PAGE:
Questions for Jim Kirk about Sun-Times Media | Bleader

Questions for Jim Kirk about Sun-Times Media



Jim Kirk
  • Sun-Times Media editor in chief Jim Kirk
Jim Kirk reports for duty Wednesday as editor in chief of Sun-Times Media. His new boss, Timothy Knight, told the Sun-Times's David Roeder, "Under Jim's leadership, we will increase our focus on local news and information."

That gave me question one to Kirk. How can the Sun-Times, and the suburban daily and weekly papers in the Sun-Times Media constellation, possibly increase a local focus that is already just about 100 percent?

His answer, as I understand it, is that local will be more expansively interpreted. "Rahm Emanuel is a very interesting character," he said, and not just to Chicagoans. He's a national figure who grew up in the suburbs and went to New Trier High—of course suburban readers want to read about him! "We have the best City Hall team there is, and we need to get that content out to everyone," Kirk said.

Likewise, "The Sun-Times is still pretty city focused and it's not tapping into as much of its resource base as it could. I think there are probably stories that aren't being used or aren't being covered that readers of the Sun-Times would like to see."

In short, more suburban news in the Sun-Times and more city news in the suburban papers. The Sun-Times is going to need a larger news hole, I said.

"That would be my hope," said Kirk.

Do you have any money to make it bigger?

"I believe we do."

Kirk is nothing if not seasoned. He was the business editor of the Tribune in 2009 when he resigned to coordinate Washington coverage for Bloomberg News. In 2010 he joined the Chicago News Cooperative, now defunct, as managing editor. In February of 2011 Kirk left CNC to become chief of editorial operations at Crain's Chicago Business. Once again, a new year has brought Kirk a new job.

Speaking of local news, on Monday the Tribune announced it was doing a deal with Journatic, an upstart hyperlocal "media content provider" that's taking over the paper's TribLocal operations. Journatic CEO Brian Timpone explained to me that while Tribune Tower's seasoned reporters go after the big stories, Journatic's irregulars will be rounding up real estate transactions and junior high honor rolls and other data of that import—which is to say absolutely no import to almost everyone but riveting reading if you live on the block.

The collection of local investors who now own Sun-Times Media made an aggressive run at Journatic but couldn't sign them. What's your counter? I asked Kirk; or do you need a counter?

"We need to pay attention to that and we have some ideas we just can't share right now," he said. "We need to explore it quickly. The goal is you don't want to have reporters—especially at papers that have diminished staffs [that describes every paper in Sun-Times Media]—to have to spend their time focused on stuff such as police blotters and personnel announcements. You want those reporters focused on bigger, more important stories."

In other words, those reporters need a Journatic to do the scut work. Who will it be?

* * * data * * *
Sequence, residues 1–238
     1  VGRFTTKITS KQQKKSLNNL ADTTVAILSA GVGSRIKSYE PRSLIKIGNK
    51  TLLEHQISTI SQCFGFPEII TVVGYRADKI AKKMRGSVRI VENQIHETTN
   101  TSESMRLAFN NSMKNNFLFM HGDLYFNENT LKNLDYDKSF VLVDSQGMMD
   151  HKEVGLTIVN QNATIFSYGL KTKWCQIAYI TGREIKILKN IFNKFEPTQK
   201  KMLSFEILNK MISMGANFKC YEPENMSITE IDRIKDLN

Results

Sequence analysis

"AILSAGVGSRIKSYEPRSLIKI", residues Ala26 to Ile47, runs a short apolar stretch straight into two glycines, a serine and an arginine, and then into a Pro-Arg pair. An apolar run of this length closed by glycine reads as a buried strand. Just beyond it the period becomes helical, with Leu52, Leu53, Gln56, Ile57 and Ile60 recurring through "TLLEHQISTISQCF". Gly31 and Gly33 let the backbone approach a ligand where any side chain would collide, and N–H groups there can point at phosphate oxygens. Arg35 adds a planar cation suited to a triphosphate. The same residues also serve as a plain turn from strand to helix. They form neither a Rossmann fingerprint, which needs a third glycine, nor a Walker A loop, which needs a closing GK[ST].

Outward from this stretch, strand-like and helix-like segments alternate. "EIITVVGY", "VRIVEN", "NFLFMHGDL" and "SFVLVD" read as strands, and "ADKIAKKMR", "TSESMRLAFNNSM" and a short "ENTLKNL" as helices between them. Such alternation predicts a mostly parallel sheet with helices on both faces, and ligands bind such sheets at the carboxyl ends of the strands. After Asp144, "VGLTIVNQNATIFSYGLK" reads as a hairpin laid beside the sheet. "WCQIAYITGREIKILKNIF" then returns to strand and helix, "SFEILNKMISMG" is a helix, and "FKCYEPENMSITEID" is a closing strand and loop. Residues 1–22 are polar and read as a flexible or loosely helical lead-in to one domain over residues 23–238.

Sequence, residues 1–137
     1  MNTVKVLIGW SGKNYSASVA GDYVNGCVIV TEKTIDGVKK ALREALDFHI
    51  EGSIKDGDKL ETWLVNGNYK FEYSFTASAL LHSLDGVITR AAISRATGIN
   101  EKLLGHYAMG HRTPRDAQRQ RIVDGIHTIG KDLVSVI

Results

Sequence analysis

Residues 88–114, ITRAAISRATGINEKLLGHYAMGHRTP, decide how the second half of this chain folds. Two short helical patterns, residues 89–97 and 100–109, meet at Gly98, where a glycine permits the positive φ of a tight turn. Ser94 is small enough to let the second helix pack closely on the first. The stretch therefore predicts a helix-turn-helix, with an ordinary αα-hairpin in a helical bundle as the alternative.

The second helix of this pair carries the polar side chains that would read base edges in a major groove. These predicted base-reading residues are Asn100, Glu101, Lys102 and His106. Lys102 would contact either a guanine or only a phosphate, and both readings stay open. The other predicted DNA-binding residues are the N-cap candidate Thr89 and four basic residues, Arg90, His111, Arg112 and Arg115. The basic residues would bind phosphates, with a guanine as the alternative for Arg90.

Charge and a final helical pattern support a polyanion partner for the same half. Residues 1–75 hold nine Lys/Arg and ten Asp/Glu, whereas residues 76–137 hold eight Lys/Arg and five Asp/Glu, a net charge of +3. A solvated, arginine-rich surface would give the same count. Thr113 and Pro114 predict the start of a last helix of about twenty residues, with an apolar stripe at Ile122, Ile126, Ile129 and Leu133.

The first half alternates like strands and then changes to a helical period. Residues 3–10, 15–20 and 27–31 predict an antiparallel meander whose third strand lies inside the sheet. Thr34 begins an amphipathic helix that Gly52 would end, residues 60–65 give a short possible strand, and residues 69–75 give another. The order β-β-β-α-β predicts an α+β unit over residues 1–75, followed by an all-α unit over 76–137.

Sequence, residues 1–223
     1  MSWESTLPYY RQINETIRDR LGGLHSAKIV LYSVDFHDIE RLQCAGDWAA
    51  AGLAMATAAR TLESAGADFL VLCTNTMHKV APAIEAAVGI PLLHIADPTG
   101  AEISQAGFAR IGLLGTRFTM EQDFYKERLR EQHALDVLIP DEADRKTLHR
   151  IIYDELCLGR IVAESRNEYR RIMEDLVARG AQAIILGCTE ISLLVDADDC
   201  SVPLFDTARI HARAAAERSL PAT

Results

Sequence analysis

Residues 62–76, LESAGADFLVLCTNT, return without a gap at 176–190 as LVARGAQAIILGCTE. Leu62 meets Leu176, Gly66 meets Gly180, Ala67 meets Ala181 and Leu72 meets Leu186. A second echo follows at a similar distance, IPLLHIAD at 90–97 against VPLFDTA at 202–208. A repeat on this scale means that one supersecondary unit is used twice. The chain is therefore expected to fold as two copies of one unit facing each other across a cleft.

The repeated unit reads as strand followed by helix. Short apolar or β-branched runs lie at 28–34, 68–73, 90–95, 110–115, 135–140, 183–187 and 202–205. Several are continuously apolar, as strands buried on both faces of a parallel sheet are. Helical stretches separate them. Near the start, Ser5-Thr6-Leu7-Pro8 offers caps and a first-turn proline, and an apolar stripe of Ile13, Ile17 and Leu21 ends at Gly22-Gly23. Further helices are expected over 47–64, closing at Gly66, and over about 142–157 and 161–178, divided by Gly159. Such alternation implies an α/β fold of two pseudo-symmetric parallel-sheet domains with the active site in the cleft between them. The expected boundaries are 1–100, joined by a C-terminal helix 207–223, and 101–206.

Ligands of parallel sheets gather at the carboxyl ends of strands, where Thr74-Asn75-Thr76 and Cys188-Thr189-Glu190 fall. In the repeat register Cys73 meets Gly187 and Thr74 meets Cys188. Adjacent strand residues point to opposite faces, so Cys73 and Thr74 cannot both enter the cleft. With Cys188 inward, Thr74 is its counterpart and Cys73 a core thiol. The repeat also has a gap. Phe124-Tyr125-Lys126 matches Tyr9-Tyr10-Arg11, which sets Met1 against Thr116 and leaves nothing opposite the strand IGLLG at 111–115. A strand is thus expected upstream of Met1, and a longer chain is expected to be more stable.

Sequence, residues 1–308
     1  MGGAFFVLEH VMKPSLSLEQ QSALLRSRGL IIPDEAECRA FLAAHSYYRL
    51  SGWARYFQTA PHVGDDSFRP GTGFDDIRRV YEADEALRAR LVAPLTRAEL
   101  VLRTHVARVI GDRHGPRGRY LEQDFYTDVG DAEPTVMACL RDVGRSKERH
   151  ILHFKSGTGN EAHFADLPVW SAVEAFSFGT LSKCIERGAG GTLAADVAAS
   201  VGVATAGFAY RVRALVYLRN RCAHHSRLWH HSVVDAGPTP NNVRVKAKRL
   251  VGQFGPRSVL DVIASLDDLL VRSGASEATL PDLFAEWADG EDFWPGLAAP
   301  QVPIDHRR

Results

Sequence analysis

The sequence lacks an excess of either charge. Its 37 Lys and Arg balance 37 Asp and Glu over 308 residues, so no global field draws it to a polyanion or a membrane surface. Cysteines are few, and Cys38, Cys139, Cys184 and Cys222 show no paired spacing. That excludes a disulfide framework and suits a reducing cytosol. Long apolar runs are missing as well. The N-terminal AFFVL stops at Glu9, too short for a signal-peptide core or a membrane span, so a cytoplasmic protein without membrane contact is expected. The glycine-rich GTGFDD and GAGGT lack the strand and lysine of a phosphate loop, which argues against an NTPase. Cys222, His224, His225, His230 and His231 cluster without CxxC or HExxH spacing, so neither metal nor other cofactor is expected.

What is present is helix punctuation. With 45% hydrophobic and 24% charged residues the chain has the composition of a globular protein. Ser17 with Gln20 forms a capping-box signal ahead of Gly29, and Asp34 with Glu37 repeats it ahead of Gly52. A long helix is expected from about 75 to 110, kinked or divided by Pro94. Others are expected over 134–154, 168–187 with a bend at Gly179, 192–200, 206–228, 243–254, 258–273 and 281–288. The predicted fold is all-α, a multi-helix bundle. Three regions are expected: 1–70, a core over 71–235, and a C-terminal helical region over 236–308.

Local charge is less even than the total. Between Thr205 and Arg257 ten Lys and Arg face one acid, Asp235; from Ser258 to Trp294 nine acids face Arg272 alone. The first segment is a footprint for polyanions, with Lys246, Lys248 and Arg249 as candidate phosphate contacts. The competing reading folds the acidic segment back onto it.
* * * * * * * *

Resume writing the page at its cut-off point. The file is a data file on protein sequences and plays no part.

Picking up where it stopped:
"I don't know that yet," he said. "We have to figure it out."

Roeder wrote that, according to Kirk, Sun-Times Media papers "must pour their efforts into content that cannot be found elsewhere."

Like what? I asked.

"You can't make money anymore off the commodity news business if you're a metro daily," he explained. The days of going to the mayor's news conference and reporting in the next morning's paper are over. "The news cycle is so quick you can't afford to rely on it. That doesn't mean there's not news value to it, but if it's important enough to be in the paper the next morning you've got to have an angle that nobody else has." Even a bogus new angle takes some thought; a serious new angle that actually deepens and advances the story can take a lot of thought.

"It's harder for sure, but we have to do that," said Kirk. "It means for a lot of reporters using different muscles, and it takes time to think."

This means good reporters, which Kirk rightly insists the Sun-Times still has, though not in the numbers of yesteryear. It means hard choices. "We'll have to be very disciplined in what we cover," said Kirk.

And does it mean a larger staff? "I think it does," said Kirk. "I'm certainly arguing for one. Part of my reason for coming over here is that these guys want to grow it—it's not about sucking money out of it at this point."

With all due respect, I said, the new owners have all done well in life, but there are no vast fortunes now at the disposal of Sun-Times Media. "No, but all bets are off with digital," Kirk replied. "If the shift [to digital] continues, as I think it will, and tablets become much more the norm, the less you'll have to rely on street sales. Suddenly the playing field is level"—because putting out a paper will be so much cheaper—"and I see that as the future."

Finally, the question in the back of my mind the whole time we talked. The Reader is on the block and Sun-Times Media is interested in buying it. A Wrapports spokeswoman was quoted Tuesday by the New York Times as saying the company had plans "to purchase other media companies.” That could mean us.

"I think you keep the publication," said Kirk. In other words, our databases are attractive but they wouldn't be buying us for parts. "The question is," Kirk went on, "what from the Reader can you add to the Sun-Times?"

But Kirk said he knew next to nothing about negotiations between his new bosses and the hedge fund that owns the Reader. We were talking Tuesday evening, and he said he might learn more Wednesday after he reports for work. If you do, I said, please call.